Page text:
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Endocrinology. 2006 May;147(5):2253-62. Epub 2006 Feb 16.

Coding GNAS mutations leading to hormone resistance impair in vitro agonist- and cholera toxin-induced adenosine cyclic 3',5'-monophosphate formation mediated by human XLalphas.

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Endocrine Unit, Department of Medicine, Massachusetts General Hospital and Harvard Medical School, Boston, 02114, USA.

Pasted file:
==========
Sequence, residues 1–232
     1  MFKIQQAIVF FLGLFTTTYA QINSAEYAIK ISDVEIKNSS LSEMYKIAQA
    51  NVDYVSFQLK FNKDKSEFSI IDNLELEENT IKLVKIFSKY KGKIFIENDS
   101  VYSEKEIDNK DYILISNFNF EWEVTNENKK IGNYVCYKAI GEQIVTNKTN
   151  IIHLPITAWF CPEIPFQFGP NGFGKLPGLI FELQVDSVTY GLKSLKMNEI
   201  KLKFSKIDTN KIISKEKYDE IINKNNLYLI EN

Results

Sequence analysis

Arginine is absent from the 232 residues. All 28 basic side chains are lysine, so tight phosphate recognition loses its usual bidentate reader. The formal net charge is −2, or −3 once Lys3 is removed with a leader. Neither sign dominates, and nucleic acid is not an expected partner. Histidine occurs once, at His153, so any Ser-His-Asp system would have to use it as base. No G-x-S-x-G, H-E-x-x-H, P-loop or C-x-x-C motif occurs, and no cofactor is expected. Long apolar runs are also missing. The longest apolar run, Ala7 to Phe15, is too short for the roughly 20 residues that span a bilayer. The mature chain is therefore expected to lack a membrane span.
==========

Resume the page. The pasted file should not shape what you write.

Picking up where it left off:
Most loss of function mutations of GNAS identified in different forms of pseudohypoparathyroidism disrupt not only the stimulatory G protein alpha-subunit (Gsalpha), but also its paternally expressed variant, XLalphas. However, the possibility that XLalphas deficiency contributes to disease pathogenesis has remained unexplored. We therefore examined the signaling property of human XLalphas and the effects of one novel (XLalphas(H704P) or Gsalpha(H362P)) and two previously described (XLalphas(DelI724) and XLalphas(Y733X) or Gsalpha(DelI382) and Gsalpha(Y391X), respectively) GNAS mutations on either XLalphas or Gsalpha activity. Confocal immunofluorescence microscopy detected human XLalphas immunoreactivity at the plasma membrane of transduced mouse embryonic fibroblasts null for endogenous Gsalpha and XLalphas (Gnas(E2-/E2-) cells). Cholera toxin- and isoproterenol-induced cAMP accumulation in Gnas(E2-/E2-) cells transiently expressing wild-type human XLalphas was similar to that in cells transiently expressing wild-type Gsalpha. Human XLalphas, like Gsalpha, mediated PTH-induced cAMP accumulation in Gnas(E2-/E2-) cells coexpressing PTH receptor type 1 and either of these proteins. Moreover, overexpression of human XLalphas or Gsalpha markedly enhanced the PTH-induced cAMP accumulation in opossum kidney cells that endogenously express PTH receptor type 1. In contrast, each XLalphas mutant failed to mediate isoproterenol- and PTH-induced cAMP accumulation in transduced Gnas(E2-/E2-) cells. XLalphas(DelI724) showed a reduced cholera toxin response over the basal level compared with wild-type XLalphas, and XLalphas(H704P) completely failed to respond to cholera toxin. These findings were comparable to those observed with each corresponding Gsalpha mutant transiently expressed in Gnas(E2-/E2-) cells. Thus, mutations that typically inactivate Gsalpha also impair XLalphas activity, consistent with a possible role for XLalphas deficiency in diseases caused by paternal GNAS mutations.

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